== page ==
by Trevor Fik (Staff Writer)
In what proved to be a disappointing night for English fighters in front of a 17,000 strong crowd in London’s O2 arena, Manchester native Michael “The Count” Bisping proved to be Britain’s saving grace in a night of upsets and knockouts that is sure to put the memory of the lackluster UFC 119 out of the minds of UFC fans.
The main event of the evening started off looking as daunting for Bisping as it had for other British fighters earlier in the night, with Akiyama landing a huge right hook early in the round. Bisping, who was momentarily stunned, was able to shake off the hit and come back strong to finish with a decisive win for the fight.
Although Japanese-born Akiyama came out looking every bit as in control of the fight as was expected, his failure to capitalize on a good early shot was indicative of his fighting style. The former K-1 veteran has previously emerged with wins from his contests through devastating strikes and submissions, but was content to throw out any game plan he once had the moment he hurt Bisping. Instead of taking control of the fight, Akiyama spent the better part of the second and third round trying to land another big right hand to finish the fight.
This victory marks the second in a row for “The Count,” who, in dominating Akiyama with a series of combos throughout the fight, has assured himself a title shot in the middleweight division once he gets one or two more victories. With Akiyama’s third UFC appearance, “Sexiyama” has had three consecutive ‘Fight of the Night’ honours.
Knockout of the night at UFC 120 came during the co-main event when American fighter Carlos Condit pummeled ‘The Outlaw’ Dan Hardy, knocking him out at 4:27 of the first round. Hardy, who is normally most comfortable on his feet, appeared sluggish and unable to cope with Condit’s well placed strikes.
The upset win of the night goes to American fighter Mike Pyle in his win over formerly undefeated British sensation John Hathaway. Hathaway, who was nursing a 14-fight-win-streak entering the fight, was coming off a notable knock-out victory against Diego Sanchez. Whether it was the overconfidence that comes with being undefeated, or underestimating his 35-year-old opponent, Hathaway was dominated by strikes and the relentless takedown attempts of the Randy Couture prodigy. Speaking of his underdog status after the fight, Pyle noted “I’m 35 years old. I’m not going to let some over-hyped London kid just out of high school beat me, hell no.”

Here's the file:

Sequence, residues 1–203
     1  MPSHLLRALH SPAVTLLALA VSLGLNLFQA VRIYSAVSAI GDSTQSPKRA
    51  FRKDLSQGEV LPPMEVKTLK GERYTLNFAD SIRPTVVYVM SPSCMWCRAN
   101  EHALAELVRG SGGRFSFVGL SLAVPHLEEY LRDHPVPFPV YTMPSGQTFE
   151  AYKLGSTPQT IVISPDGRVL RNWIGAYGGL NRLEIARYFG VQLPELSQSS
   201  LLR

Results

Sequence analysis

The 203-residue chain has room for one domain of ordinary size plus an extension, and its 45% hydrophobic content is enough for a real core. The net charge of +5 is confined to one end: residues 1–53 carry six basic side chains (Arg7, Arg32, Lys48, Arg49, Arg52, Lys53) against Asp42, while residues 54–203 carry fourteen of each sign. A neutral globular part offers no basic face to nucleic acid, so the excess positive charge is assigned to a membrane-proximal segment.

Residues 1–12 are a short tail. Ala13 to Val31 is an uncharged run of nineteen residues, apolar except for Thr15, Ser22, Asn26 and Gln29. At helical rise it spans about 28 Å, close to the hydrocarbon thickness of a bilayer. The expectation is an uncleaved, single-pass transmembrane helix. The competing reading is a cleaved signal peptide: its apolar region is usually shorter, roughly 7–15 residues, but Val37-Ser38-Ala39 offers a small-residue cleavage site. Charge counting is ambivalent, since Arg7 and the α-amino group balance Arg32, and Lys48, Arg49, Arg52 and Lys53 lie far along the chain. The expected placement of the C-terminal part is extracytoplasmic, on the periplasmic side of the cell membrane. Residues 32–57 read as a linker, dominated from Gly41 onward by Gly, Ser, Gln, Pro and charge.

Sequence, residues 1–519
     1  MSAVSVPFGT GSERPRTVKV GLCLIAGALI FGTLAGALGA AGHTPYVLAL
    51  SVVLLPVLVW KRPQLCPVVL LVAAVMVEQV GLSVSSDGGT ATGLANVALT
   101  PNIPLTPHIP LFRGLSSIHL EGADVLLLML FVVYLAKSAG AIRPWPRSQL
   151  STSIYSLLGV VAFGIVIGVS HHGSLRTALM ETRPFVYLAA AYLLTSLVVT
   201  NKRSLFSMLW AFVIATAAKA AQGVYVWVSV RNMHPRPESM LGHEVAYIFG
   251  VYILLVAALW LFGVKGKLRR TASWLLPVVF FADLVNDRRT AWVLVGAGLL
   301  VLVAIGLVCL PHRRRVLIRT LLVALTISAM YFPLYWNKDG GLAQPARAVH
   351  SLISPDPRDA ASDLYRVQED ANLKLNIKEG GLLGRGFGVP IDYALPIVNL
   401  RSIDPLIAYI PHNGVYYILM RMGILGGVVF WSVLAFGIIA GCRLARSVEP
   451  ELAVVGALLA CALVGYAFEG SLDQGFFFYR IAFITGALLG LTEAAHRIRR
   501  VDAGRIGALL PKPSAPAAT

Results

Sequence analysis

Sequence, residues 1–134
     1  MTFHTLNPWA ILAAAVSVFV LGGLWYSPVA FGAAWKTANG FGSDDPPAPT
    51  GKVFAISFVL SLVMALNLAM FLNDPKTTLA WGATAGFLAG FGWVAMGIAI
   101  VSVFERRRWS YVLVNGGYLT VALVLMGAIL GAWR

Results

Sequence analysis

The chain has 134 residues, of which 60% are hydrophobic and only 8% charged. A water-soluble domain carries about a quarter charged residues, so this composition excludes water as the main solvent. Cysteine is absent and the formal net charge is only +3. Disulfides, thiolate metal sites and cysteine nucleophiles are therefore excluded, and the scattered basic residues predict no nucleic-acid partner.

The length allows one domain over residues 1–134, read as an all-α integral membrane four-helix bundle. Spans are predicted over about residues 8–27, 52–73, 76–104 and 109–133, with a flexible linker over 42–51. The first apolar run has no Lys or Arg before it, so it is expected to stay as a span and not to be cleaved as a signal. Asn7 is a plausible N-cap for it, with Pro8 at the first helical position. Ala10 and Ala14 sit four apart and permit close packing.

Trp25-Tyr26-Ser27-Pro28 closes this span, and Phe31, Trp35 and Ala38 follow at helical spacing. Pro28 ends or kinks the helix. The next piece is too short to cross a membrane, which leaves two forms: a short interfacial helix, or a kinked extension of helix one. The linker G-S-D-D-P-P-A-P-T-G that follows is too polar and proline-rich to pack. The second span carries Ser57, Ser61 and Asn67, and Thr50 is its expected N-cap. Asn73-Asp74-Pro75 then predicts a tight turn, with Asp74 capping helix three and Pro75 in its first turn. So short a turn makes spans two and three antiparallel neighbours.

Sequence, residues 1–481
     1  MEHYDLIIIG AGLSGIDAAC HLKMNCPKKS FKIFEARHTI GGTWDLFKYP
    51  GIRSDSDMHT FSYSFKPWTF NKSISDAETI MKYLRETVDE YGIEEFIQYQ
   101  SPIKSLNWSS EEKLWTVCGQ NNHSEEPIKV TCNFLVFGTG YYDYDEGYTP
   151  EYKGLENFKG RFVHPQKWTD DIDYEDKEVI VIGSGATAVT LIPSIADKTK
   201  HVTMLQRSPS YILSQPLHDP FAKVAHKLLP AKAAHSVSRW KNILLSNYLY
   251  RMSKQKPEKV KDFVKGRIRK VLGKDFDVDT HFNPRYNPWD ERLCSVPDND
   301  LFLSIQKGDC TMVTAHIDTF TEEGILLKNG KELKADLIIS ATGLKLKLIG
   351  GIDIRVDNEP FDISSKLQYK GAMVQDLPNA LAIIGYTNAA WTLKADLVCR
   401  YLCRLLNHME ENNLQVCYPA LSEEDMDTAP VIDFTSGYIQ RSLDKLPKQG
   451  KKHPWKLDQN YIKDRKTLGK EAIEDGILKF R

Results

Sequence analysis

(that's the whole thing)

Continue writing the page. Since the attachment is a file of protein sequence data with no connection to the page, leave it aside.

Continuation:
With UFC’s most recent European excursion in the books, we look to UFC 121. We do not have to look very far, as Saturday October 23 will be the date that Brock Lesnar defends his Heavyweight Championship belt against undefeated Brazilian Cain Velasquez.
Velasquez goes into the fight vastly undersized compared to the gargantuan Lesnar. If he is to have a shot at stripping the title from the champ, it will be have to come in the ground game. Having proven his tough chin against Shane Carwin in their last battle, any attempt at stand-up from the Brazilian will be met with ham-sized fists and a quick beat down.
Other notable fights marking the UFC’s return to Anaheim at UFC 121 are the Ortiz versus Hamill fight, as well as the welterweight bout between Jake Shields and Martin Kampmann. The Huntingdon Beach Bad Boy, Tito Ortiz, will attempt to come away with his first victory since October 10, 2006, when he defeated Ken Shamrock.
Matt Hamill, who is coming off victories against former UFC fighter Keith Jardine, as well as a disqualification win over Jon “Bones” Jones, trained under Ortiz on the third season of The Ultimate Fighter television series.
If Ortiz is to have any hope of remaining relevant within the UFC, he has to come out with a huge victory here. If he fails, it could be just another case of a fighter battling far past his prime and UFC president Dana White showing the door to another one of its hall of fame fighters.